What do a sex offender and an animal abuser have in common? If they’re in New York City, they both might have to register their names to a list that alerts others to their crimes.
A human adoption agency wouldn’t place a child with a known sex offender, so why should animals be subjected to such a game of Russian roulette?
The potential law comes as a reaction to a man who killed his pet Shar-Pei last year when he threw it from a third story window. If the law is passed, animal abusers will be required to submit their names, home addresses, and photos to an online registry distributed among shelters and pet shops, preventing them from owning another animal.
The registry would mimic the list to which sex offenders must submit their information, reports The Los Angeles Times.
The man who hurled his dog to its death was sentenced to 364 days in jail and is not allowed to own a pet for three years. If caught with a pet, the man could face severe consequences, but that won’t prevent an unsuspecting shelter from adopting an animal out to him should he choose to disregard the terms of his sentence.
With an animal abuser registry, shelters and pet shops can run a person’s name through their system and deny pets to individuals who have proved they don’t deserve the love and devotion of a companion animal. A human adoption agency wouldn’t place a child with a known sex offender, so why should animals be subjected to such a game of Russian roulette?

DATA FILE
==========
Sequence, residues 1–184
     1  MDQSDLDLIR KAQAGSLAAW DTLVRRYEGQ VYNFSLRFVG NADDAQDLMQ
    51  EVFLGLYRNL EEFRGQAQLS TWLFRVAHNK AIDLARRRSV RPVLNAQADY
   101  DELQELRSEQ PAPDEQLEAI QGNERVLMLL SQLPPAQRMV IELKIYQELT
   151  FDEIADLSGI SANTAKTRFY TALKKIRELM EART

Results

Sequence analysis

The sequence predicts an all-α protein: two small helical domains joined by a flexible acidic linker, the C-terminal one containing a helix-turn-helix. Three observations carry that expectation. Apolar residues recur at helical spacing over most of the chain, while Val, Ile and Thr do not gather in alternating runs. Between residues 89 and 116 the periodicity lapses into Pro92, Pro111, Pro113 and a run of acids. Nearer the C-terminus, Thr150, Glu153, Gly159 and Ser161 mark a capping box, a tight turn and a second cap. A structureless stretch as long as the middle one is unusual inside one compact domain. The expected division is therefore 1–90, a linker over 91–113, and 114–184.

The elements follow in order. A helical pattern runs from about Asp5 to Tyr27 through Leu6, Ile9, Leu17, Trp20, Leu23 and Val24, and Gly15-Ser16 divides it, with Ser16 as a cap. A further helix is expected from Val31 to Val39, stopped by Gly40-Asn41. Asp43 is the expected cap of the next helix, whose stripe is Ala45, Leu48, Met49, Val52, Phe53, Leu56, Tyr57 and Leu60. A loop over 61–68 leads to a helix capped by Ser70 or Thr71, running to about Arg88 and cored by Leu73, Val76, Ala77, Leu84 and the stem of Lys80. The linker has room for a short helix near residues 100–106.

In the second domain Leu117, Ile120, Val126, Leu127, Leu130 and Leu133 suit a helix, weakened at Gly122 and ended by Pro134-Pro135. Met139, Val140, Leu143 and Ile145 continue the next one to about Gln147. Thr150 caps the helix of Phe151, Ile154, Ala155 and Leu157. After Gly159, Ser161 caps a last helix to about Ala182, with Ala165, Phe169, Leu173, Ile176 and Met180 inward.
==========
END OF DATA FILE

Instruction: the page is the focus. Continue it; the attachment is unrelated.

The measure’s chief sponsor, Councilman Peter F. Vallone, Jr., hopes that an animal abusers registry will prevent cruelty from befalling helpless pets, saying that, “We want to keep defenseless animals out of the hands of known abusers.” If enacted, the law would slap convicted abusers who fail to register or are found in possession of a pet with a $1,000 fine and up to one year in jail.
While the measure has good intentions, it may be an uphill battle.
Currently three New York counties—Suffolk, Albany, and Rockland—have enacted animal abuse registries like the one Vallone is advocating for New York City, but other similar proposed lists have fallen by the wayside. In Virginia last year, an animal abuser registry went cold when the state police department quoted about $1 million for its creation. A 2010 registry bill met with the same fate in California. Named after a kitten who was beaten to death, Dexter’s law in Florida lost momentum in legislative discussions.
Despite setbacks in other states and counties, New York City’s proposed measure demonstrates a genuine interest in protecting animals. According to the Animal Legal Defense Fund, nine states introduced registry bills last year. Such registries can have a positive impact on the prevention of cruelty to animals. And considering that some serial killers have demonstrated a pattern of animal abuse escalating to homicide, an animal abuse registry may very well save human lives as well as the lives of our four-legged companions.
Do you think a required animal abuser registry will help prevent pets from becoming the victims of cruelty? Or do you think it’s an invasion of privacy?